The General Services Administration says President-elect Donald Trump must "fully divest" himself of any stake in the hotel bearing his name on Pennsylvania Ave., Northwest, before taking office January 20, according to Democratic members of the House Oversight Committee.
In a letter to the GSA Wednesday obtained by CBS News, four Democrats, including Goverment Reform and Oversight ranking member Rep. Elijah Cummings, D-Maryland noted they had received a briefing on December 8 from deputy GSA commissioner Michael Gelberg in which he "confirmed repeatedly" a "categorical ban on the President of the United States or any other elected official having any financial interest in this lease, or taking any financial benefit from it".
"The deputy commissioner made clear that Mr. Trump must divest himself not only of managerial control, but of all ownership interest, as well", the Democrats continued.
The hotel is among several other potential conflicts of interests that Trump could face, including his possible involvement in his many businesses while president.
In response to a letter from House Democrats, Michael Gelber, the deputy commissioner of the General Services Administration's Public Buildings Service, said that Trump will be in breach of his lease as soon as he is sworn in on January 20, 2017.
A legal dispute over a breach of the lease would probably go before the U.S. Civilian Board of Contract Appeals, an administrative tribunal independent from the GSA.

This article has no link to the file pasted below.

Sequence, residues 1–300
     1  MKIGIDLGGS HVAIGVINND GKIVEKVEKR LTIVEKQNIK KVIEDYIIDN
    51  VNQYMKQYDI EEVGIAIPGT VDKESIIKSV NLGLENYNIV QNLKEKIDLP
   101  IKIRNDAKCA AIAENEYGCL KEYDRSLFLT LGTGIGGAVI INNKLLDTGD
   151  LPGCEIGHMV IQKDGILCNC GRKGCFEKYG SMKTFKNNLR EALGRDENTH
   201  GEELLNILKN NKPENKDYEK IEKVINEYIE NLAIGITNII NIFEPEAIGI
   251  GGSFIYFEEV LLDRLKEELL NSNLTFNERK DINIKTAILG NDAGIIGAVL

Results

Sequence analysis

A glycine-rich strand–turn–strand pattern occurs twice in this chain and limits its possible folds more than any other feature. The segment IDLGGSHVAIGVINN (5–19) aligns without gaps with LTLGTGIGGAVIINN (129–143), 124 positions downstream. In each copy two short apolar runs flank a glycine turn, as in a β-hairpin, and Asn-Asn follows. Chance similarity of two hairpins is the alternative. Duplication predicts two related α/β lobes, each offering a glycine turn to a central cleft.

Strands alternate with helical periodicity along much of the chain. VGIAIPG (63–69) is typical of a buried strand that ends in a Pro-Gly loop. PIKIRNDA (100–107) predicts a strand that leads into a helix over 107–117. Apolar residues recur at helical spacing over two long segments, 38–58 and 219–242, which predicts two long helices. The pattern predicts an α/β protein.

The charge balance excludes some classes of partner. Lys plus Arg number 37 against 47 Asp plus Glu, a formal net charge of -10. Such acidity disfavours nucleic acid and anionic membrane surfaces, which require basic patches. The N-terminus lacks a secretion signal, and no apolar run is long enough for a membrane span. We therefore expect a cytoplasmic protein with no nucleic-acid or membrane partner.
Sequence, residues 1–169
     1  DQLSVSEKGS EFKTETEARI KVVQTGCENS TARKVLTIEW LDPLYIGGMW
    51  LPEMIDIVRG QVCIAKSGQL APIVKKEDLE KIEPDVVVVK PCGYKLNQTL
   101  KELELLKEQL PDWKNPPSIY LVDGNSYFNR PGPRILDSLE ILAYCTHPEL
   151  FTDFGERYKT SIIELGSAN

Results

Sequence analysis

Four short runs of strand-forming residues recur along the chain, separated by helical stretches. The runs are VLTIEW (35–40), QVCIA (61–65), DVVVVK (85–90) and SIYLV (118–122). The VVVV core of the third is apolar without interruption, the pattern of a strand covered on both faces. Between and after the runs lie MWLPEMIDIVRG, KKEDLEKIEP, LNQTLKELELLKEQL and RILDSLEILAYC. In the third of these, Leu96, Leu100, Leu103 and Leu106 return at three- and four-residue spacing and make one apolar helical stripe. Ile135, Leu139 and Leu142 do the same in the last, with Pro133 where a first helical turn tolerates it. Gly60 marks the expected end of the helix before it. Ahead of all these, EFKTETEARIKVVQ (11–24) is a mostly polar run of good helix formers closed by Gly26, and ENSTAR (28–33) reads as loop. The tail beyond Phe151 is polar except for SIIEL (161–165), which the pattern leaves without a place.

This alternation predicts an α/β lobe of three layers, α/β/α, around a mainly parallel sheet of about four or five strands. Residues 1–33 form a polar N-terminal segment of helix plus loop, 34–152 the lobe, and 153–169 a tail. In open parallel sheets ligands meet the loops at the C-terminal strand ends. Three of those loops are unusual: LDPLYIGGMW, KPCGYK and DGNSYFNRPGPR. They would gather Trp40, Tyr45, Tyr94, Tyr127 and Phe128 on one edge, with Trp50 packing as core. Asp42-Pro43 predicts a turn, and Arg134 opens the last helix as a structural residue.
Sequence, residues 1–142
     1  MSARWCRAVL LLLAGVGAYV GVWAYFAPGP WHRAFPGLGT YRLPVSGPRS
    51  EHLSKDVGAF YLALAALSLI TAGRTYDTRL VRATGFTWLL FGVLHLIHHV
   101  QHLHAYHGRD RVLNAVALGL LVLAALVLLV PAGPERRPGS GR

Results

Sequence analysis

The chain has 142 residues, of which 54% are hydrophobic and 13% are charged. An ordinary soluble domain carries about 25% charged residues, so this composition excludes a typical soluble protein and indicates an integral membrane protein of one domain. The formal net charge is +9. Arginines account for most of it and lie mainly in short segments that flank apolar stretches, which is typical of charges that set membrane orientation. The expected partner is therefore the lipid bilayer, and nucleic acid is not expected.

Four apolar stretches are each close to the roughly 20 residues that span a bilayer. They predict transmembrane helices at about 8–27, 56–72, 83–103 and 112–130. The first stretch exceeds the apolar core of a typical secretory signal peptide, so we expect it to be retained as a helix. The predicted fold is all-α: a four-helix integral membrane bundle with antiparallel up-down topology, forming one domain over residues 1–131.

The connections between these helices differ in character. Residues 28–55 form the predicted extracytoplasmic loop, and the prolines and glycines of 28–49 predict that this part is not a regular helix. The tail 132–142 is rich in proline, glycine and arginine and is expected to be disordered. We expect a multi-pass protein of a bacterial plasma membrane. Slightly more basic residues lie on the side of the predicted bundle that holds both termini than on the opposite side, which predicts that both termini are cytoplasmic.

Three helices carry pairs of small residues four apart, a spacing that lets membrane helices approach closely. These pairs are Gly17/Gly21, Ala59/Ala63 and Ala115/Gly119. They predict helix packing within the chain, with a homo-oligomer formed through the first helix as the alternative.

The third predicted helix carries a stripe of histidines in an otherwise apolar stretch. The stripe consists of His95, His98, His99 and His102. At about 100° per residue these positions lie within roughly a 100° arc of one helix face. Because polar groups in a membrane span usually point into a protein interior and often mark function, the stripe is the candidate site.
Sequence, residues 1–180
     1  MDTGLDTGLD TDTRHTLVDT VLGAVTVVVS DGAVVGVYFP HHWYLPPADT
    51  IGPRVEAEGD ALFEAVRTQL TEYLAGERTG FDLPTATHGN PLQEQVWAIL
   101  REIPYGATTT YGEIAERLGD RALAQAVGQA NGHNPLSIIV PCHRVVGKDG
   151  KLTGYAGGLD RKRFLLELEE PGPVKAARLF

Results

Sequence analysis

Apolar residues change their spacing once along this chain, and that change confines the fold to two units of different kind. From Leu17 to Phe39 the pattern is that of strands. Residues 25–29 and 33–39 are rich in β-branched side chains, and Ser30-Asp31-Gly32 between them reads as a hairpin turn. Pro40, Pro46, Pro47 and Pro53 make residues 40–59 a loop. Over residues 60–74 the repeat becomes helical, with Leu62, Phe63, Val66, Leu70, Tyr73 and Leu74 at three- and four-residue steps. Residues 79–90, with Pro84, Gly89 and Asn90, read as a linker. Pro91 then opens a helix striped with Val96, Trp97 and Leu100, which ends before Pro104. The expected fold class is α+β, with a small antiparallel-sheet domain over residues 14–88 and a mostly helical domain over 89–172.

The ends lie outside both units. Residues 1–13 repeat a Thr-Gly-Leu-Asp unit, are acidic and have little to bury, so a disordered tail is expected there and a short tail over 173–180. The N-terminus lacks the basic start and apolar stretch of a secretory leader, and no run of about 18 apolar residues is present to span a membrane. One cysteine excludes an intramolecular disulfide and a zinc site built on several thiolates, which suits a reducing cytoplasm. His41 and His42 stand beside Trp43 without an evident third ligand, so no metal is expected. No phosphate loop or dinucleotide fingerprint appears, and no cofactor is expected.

If the letter is accurate and the GSA has told Donald Trump to completely offload the hotel and he does not, he would be in breach of the lease. Elijah Cummings, D-Md.; Peter DeFazio, D-Ore.; Gerry Connolly, D-Va.; and Andre Carson, D-Ind., wrote in the letter.
Trump was supposed to announce a plan Thursday for how, if at all, he will disentangle himself from his business, but canceled.
President Elect Donald Trump and President Barack Obama meeting in the Oval Office for the first time November 10th, 2016.
The Democrats, part of the House Oversight Committee, had demanded to know what the GSA planned to do about the conflict of interest posed by the hotel, which Trump opened in a renovated historic post office.
"Ms. Trump is all of the following - the president-elect's daughter, a top presidential transition team official, a lessee under the contract the GSA oversees, and the primary contact for GSA on the lease".
The hotel has been a focus of criticism by government ethics experts. Trump and the GSA took more than a year to hammer out a 60-year lease for its use.
In a letter sent to the General Services Administration, the government agency that owns the hotel and leases it to Trump, the four Democrats say Trump would violate the lease the minute he is sworn in on Inauguration Day, and asked how the agency plans to address the apparent upcoming contract breach. In addition to any breach of the lease, they worry that foreign governments will try to curry favor with the president-elect by booking rooms for their officials and hosting events there. And the term's clear goal is to prevent conflicts of interest of that type.